This article is only available in the PDF format. Download the PDF to view the article, as well as its associated figures and tables.
In our days of asepticism every instrument, or part of instrument, must be thoroughly scrubbed in every corner where the microbes take their abode. Following this principle, I had made in Paris a vesical catheter, made of two pieces, one sliding into the other, so as to be separable in two corresponding grooves, and being very easily cleansed with the brush. Of course the blind end, near the eyes, is filled up to the level of the eyes, with metal, so as to leave no corner or uneven space, or cul-de-sac to lodge the dreaded microbes.
That was all right, as long as the vesical catheter alone was concerned, in which the fluid supports no pressure, and which is short. But when I tried to apply this contrivance to the long sound for uterine irrigation in which the antiseptic fluid is forced with some power, I found no maker could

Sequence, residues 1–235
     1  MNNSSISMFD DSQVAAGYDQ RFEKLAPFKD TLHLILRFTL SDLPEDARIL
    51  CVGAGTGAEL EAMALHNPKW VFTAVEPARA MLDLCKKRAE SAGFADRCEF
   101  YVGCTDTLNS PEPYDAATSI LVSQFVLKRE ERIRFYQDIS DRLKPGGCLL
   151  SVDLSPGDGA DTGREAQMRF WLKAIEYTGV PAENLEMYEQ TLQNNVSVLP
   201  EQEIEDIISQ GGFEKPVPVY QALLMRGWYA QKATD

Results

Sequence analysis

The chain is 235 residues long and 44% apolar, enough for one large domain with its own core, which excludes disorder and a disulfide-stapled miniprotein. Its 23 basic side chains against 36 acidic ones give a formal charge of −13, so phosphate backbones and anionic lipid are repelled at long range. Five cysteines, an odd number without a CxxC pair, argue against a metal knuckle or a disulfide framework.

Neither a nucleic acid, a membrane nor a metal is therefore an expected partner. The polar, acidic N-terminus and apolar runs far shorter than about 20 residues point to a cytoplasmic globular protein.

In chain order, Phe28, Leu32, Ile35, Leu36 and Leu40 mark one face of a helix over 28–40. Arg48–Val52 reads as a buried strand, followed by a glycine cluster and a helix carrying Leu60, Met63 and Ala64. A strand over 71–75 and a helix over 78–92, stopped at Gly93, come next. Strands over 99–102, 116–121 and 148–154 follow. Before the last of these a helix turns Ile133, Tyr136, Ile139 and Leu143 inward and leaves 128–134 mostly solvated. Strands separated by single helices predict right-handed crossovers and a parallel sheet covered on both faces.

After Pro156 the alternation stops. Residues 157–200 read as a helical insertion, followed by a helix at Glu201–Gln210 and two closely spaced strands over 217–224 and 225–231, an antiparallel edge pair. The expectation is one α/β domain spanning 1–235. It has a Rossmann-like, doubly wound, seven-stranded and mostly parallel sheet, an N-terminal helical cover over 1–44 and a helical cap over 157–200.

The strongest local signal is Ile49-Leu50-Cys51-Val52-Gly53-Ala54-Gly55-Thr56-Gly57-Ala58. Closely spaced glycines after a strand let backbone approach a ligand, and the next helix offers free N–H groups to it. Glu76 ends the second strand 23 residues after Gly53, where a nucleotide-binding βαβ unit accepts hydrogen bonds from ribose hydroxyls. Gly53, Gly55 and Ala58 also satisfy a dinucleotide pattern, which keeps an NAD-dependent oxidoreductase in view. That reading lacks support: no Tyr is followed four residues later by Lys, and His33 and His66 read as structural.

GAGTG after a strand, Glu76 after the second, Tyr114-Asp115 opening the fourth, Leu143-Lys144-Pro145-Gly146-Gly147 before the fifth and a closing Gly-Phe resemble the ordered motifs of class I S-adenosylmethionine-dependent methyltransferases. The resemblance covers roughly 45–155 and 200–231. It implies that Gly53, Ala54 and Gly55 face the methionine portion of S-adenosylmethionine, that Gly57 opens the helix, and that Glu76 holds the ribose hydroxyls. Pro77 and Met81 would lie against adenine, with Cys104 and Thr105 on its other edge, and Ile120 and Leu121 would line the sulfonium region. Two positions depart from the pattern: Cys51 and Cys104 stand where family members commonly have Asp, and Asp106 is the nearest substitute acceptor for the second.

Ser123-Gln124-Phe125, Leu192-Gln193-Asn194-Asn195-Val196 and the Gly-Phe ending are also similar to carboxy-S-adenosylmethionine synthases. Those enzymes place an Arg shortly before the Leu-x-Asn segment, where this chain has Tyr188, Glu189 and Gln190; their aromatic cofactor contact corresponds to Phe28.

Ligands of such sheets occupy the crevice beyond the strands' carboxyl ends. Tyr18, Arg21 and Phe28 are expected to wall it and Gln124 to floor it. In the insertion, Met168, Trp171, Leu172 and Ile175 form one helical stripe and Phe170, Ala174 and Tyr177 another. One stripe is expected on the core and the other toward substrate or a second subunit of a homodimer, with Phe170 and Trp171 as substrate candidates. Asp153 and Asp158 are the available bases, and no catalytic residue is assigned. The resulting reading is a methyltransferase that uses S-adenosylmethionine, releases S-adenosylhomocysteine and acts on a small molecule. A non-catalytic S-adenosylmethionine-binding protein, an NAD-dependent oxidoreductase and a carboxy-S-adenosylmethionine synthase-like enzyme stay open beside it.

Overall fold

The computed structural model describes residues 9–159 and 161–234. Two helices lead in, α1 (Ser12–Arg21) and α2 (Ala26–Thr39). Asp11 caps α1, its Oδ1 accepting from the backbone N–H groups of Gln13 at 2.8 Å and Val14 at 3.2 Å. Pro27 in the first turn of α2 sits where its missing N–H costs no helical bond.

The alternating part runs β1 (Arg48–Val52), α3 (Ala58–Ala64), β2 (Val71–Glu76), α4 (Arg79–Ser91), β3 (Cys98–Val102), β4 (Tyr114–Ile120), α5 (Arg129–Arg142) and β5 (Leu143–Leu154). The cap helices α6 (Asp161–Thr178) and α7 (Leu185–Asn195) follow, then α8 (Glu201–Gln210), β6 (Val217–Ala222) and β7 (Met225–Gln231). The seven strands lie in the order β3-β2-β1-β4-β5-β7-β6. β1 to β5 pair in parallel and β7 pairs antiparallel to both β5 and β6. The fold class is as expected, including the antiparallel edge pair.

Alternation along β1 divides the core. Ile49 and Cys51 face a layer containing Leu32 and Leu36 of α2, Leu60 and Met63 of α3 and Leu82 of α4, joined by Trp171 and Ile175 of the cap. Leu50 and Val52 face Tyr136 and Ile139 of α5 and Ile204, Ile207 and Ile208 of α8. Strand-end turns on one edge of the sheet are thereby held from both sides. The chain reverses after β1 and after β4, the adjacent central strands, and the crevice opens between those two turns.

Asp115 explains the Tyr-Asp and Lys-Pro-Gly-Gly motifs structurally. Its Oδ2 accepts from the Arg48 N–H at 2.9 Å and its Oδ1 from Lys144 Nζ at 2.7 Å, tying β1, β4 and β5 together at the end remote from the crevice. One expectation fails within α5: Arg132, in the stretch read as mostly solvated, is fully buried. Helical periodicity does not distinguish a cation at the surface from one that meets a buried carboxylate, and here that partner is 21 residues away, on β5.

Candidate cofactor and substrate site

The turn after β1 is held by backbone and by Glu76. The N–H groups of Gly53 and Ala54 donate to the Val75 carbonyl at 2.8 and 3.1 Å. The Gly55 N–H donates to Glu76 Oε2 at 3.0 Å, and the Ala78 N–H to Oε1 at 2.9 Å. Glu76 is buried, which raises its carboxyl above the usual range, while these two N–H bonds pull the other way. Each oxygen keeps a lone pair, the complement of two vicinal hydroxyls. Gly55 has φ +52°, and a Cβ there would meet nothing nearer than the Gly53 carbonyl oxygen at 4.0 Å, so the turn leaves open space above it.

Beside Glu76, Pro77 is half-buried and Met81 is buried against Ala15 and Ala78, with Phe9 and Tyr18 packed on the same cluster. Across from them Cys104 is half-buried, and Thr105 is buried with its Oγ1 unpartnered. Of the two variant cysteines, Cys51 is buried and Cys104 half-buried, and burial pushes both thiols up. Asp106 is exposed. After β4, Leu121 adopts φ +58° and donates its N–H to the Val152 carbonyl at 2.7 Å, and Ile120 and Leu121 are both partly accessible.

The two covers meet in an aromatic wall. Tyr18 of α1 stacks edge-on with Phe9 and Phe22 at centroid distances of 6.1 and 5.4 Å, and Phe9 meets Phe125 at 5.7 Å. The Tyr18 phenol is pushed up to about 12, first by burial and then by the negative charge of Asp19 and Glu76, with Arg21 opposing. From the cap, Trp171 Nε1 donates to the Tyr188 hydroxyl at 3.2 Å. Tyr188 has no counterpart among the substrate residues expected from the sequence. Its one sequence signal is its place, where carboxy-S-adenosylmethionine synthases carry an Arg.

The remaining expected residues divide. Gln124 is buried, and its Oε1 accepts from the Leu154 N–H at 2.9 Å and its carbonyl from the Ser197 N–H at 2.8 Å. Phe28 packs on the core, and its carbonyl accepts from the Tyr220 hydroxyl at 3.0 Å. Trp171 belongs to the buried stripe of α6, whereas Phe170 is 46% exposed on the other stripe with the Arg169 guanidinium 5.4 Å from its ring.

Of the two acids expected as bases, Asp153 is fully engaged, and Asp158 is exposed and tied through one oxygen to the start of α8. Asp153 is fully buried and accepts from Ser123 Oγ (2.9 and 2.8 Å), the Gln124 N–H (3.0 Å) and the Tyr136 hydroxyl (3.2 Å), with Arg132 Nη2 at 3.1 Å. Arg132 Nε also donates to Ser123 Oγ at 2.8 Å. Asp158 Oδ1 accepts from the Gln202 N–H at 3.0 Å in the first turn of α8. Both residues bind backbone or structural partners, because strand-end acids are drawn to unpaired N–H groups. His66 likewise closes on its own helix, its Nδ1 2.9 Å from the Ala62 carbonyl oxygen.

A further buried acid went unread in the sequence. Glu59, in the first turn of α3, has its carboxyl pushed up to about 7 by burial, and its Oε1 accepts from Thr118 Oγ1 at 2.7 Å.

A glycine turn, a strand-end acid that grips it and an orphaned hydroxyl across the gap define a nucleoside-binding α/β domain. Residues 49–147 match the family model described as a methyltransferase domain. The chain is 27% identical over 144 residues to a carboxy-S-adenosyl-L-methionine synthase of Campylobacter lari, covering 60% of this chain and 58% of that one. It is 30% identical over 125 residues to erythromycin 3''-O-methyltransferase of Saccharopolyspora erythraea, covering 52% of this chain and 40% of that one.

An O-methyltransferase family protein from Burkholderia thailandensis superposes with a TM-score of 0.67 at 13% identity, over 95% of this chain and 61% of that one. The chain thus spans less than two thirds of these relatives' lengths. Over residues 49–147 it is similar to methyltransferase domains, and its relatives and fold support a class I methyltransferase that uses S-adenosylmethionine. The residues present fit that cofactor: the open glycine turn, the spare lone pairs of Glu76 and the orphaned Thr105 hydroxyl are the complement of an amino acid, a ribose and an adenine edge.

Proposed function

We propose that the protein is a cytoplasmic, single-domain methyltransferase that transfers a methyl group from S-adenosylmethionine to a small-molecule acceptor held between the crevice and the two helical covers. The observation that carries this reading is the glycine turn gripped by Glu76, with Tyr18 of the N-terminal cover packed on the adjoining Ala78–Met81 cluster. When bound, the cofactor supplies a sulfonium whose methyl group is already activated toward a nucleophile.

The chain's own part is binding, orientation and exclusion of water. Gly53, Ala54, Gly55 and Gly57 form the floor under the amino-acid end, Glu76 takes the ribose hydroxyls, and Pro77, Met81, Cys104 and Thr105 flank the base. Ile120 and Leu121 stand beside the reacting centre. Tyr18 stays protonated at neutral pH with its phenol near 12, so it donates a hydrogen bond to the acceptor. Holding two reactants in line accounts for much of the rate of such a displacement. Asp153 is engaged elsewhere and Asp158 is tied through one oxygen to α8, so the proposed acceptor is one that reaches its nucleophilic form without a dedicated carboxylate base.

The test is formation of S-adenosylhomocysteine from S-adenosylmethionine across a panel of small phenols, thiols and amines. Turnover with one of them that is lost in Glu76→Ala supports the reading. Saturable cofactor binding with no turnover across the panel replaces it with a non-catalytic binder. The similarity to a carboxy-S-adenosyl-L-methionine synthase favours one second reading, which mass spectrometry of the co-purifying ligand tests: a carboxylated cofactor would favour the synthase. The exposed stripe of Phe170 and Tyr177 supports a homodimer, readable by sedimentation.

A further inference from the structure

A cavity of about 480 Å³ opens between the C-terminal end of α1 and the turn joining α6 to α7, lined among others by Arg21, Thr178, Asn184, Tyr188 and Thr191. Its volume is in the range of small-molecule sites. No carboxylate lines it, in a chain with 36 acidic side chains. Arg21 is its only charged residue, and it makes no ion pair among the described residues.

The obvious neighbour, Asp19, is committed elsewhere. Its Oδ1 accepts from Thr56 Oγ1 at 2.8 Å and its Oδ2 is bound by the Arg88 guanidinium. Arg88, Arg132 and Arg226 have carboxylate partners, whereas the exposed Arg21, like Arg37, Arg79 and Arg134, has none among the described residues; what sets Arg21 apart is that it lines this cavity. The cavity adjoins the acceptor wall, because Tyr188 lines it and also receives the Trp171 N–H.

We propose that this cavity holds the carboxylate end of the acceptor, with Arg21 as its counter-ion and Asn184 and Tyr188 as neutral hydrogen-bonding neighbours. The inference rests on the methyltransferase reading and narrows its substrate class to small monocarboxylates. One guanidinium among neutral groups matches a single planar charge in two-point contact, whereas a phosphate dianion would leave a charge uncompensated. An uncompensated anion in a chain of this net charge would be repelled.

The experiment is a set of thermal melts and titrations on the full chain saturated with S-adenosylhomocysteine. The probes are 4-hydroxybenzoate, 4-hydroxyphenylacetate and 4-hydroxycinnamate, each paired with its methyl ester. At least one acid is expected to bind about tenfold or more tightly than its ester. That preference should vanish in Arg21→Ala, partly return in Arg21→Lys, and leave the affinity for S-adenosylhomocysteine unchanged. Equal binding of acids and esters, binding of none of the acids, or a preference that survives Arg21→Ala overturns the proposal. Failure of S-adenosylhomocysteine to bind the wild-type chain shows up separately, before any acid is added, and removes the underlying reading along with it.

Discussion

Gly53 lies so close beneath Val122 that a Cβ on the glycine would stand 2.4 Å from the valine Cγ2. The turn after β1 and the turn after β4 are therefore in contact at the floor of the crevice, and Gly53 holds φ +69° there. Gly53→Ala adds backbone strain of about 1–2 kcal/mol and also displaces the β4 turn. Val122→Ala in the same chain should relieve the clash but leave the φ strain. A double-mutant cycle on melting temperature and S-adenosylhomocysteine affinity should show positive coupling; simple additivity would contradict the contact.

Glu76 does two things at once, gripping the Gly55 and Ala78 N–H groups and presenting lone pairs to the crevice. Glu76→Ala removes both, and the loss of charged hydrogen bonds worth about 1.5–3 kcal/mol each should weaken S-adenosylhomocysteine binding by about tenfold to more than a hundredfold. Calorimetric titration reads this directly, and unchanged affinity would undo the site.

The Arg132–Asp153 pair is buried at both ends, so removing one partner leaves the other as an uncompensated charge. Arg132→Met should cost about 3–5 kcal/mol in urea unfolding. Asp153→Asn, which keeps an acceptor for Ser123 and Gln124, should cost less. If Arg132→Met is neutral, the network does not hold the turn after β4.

CORDES A. A NEW DOUBLE CATHETER FOR UTERINE INJECTION. Read in the Section of Obstetrics and Diseases of Women, at the Fortieth Annual Meeting of the American Medical Association, June, 1889. JAMA. 1890;XIV(2):52–54. doi:10.1001/jama.1890.02410020016001d
Customize your JAMA Network experience by selecting one or more topics from the list below.
Create a personal account or sign in to: